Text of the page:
So today I received a message that the BBC World report How to Become President, that I made last year, is available online. It brings back good memories. Because thanks to the Fifa World Cup in South Africa, 2010 is a year to remember, in many ways.
Not the least because it was the year the Dutch team would finally win that long awaited world title. At least that’s what it looked like until Spain’s Andres Iniesta blew ‘our’ dream to pieces in the dying seconds of that dreadful final in Soccer Stadium, Jo’burg. Well, I guess that after 1974 and 1978, it was well time for my generation to have its own World Cup finals trauma.
But it could not cast a shadow over the year past for too long. You see, I was there in South Africa, at the first World Cup football on African soil. Working for lokaalmondiaal at the time meant it had been a rather busy year. As part of the Twenty Ten project my colleague Thomas Hurkxkens and I followed three African journalists on their own road to 2010, the result of which can be seen in the documentary Through Our Own Eyes (Dutch subtitles).
Also memorable were the two reports we made for BBC World. A chance for me to work with Dutch documentary maker Peter Tetteroo. Together we travelled to Liberia in pursuit of football legend George Weah. The 1995 World Player of the year has now turned to politics and runs for president. Unfortunately he was nowhere to be found.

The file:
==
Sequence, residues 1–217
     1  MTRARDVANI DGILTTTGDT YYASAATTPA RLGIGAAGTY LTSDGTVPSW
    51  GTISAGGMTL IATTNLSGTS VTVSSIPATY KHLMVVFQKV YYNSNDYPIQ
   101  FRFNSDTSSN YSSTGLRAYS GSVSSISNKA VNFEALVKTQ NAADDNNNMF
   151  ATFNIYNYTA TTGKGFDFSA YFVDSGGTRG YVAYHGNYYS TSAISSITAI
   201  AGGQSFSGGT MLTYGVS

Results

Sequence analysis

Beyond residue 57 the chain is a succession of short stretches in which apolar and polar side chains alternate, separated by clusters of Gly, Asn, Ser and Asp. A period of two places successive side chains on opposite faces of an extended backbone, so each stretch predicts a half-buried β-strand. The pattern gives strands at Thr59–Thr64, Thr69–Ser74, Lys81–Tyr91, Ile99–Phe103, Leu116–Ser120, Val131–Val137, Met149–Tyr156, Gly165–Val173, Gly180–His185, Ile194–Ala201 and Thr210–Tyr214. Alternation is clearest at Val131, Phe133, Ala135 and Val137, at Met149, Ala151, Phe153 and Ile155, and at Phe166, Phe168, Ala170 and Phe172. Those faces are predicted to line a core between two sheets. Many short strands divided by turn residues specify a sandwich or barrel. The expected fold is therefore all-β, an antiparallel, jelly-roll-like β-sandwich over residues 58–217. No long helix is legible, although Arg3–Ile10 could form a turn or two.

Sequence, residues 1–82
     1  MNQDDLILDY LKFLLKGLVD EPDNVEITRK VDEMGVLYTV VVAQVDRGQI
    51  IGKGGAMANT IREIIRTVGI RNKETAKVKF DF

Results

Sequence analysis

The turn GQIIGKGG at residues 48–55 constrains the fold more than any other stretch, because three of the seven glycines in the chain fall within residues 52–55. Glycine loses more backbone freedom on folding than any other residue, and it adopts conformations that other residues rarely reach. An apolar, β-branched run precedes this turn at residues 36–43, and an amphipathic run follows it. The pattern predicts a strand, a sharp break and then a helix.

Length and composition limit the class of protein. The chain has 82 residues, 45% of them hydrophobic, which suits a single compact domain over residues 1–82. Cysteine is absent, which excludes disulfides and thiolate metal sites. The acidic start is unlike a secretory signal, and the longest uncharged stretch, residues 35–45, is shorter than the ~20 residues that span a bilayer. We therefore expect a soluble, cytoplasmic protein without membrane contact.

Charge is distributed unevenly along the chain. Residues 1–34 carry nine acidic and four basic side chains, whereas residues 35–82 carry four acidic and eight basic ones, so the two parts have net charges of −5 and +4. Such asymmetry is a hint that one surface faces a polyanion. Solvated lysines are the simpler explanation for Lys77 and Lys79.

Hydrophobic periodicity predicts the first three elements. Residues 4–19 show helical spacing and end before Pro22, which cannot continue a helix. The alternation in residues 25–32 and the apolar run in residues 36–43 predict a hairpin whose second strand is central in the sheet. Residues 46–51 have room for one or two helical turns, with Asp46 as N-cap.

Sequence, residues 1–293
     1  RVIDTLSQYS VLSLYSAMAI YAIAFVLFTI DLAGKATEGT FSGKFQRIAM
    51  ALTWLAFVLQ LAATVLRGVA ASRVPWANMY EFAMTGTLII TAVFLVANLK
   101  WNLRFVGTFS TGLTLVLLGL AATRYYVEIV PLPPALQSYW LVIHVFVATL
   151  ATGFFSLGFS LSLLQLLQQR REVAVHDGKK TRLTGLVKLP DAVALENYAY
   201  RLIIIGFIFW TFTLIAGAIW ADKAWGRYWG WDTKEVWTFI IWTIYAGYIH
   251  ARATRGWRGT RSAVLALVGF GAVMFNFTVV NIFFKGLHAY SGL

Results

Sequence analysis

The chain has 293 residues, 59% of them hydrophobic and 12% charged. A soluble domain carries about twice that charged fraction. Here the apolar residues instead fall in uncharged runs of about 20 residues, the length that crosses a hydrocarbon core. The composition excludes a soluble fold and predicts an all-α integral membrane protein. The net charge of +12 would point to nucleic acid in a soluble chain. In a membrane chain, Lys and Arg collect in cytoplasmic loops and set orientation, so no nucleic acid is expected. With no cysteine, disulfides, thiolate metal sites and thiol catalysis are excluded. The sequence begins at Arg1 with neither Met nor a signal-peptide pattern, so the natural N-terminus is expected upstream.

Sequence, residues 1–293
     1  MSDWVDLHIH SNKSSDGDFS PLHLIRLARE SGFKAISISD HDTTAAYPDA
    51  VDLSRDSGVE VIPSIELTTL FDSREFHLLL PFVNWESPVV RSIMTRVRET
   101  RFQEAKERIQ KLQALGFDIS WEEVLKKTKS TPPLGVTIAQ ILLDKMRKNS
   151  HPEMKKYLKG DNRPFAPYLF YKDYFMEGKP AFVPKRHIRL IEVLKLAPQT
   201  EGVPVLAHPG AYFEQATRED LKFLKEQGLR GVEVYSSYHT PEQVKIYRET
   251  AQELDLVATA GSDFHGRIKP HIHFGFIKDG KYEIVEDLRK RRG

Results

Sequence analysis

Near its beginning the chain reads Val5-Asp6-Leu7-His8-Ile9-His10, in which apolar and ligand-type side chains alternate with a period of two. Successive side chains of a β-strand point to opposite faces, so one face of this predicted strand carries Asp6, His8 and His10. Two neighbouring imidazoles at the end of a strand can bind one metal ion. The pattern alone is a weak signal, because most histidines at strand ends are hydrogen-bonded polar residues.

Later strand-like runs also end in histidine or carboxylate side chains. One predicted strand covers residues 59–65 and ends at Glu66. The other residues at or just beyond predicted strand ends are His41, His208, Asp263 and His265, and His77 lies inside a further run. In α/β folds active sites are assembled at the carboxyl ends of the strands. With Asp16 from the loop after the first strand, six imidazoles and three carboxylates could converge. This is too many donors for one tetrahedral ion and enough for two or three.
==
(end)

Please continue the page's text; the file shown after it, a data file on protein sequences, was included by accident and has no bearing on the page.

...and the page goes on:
Instead we talked to his supporters and critics and spent some time with a group of former child soldiers. Their stories of the gruesome acts they performed during the civil war were haunting. To them George Weah is nothing less then a god and an example of what a poor boy can achieve. Weah climbed from the gutter to the top of the world.
We finally caught up with Weah himself in Ghana, where, after a lot of patience, we were finally able to interview him at his home in Accra, only hours before our departure to Amsterdam. (How shabby our worn-down Ghanaian taxi looked on the ramp next to Weah’s Hummer, Porsche and Mercedes SLK.)
He turned out to be a very pleasant conversationalist, not too shy to face critical questions. Finally, boys being boys, I could not resist taking an AC Milan t-shirt out of my camera bag and having it signed by ‘Mr. George’. It’s now hanging in a frame on the wall at the lokaalmondiaal office in the Netherlands.